Wireless charging is expected make its way to Apple's iPhone lineup this fall, but the tentpole feature might not be ready in time to launch with the next-generation handsets, a new rumor suggests.
In a tweet on Friday, well-connected blogger John Gruber reiterated rumors claiming Apple will not include an inductive charger with "iPhone 8" or "iPhone 7s" and instead plans to sell the accessory as a separate item. Citing unnamed sources, he goes on to say that Apple is having issues implementing wireless charging technology.
"I've heard that inductive charging will (a) be sold separately, and (b) might be late, waiting for iOS 11.1 (a la Portrait mode last year)," Gruber said, adding in a later tweet, "I'm not sure if the holdup is hardware or software. And they could catch up in next three weeks."
As with prior iPhone debuts, Apple's upcoming models are expected to ship with the next-generation iOS version, iOS 11, built in. Gruber's mention of iOS 11.1 suggests wireless charging might not be ready when "iPhone 8" and "iPhone 7s" launch this fall, the operative term being "might." Still, Apple has a couple months to work out the kinks before the anticipated September hardware debut.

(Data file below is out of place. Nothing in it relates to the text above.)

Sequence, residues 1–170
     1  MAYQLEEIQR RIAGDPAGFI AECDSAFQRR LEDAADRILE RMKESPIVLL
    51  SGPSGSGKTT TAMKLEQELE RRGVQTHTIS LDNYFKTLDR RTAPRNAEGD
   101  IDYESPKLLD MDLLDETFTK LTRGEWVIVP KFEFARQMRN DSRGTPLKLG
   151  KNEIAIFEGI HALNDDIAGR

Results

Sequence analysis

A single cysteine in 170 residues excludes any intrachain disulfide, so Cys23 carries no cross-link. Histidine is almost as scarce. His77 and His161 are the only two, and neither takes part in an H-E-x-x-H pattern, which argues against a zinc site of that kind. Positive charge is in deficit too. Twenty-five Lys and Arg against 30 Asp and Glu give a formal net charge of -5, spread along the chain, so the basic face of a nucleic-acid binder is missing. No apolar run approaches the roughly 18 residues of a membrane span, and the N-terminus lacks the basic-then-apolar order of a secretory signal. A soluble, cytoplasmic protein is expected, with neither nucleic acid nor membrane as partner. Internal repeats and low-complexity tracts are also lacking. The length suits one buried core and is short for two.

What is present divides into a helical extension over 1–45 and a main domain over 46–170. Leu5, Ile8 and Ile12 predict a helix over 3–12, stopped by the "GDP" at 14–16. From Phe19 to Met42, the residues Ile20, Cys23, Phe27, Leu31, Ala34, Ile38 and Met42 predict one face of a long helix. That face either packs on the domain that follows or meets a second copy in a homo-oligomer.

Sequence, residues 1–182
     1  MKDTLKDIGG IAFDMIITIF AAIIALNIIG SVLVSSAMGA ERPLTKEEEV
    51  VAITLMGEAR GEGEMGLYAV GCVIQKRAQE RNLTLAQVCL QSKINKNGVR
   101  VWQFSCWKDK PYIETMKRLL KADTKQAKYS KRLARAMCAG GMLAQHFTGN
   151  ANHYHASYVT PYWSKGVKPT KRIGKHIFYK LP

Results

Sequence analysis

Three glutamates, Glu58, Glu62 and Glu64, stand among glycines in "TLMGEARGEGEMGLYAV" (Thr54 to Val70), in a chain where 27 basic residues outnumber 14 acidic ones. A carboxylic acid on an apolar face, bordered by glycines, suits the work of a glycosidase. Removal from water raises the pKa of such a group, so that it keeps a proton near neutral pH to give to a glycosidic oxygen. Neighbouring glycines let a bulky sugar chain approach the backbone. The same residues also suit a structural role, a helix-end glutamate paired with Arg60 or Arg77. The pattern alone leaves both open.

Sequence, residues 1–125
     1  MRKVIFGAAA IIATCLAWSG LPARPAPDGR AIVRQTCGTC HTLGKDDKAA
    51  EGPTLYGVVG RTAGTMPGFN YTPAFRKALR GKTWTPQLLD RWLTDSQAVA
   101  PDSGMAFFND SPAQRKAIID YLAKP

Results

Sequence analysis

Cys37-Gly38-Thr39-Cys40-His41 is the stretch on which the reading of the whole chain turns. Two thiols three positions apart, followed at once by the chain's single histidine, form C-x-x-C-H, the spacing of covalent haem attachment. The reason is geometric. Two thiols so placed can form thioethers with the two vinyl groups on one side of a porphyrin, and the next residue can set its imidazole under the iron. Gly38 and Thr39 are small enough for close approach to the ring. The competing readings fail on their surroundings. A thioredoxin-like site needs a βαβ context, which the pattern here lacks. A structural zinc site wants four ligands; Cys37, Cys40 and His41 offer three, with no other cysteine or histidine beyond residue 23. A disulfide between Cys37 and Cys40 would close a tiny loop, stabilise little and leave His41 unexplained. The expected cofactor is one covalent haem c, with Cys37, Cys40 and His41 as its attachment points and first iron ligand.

Like any unsubstantiated claim, Gruber's missive should be taken with a hefty grain of salt. That said, the blogger's sources have in the past provided accurate information.
Apple is expected to release three new handset models in 2017. A follow-up "iPhone 7s" series set to take the place of current iPhone 7 and iPhone 7 Plus models will likely boast the usual assortment of component improvements while keeping external aesthetics largely unchanged.
The real show-stopper, "iPhone 8," is rumored to usher in an entirely new design with full-face OLED display, an embedded below-screen Touch ID module, 3D scanning front-facing cameras and more.
Reports have indicated that both "iPhone 7s" and "iPhone 8" will feature wireless charging. Neither model is said to ship with the dedicated accessory required for cord-free charging, leaving it up to customers to decide whether the feature is worth the extra money.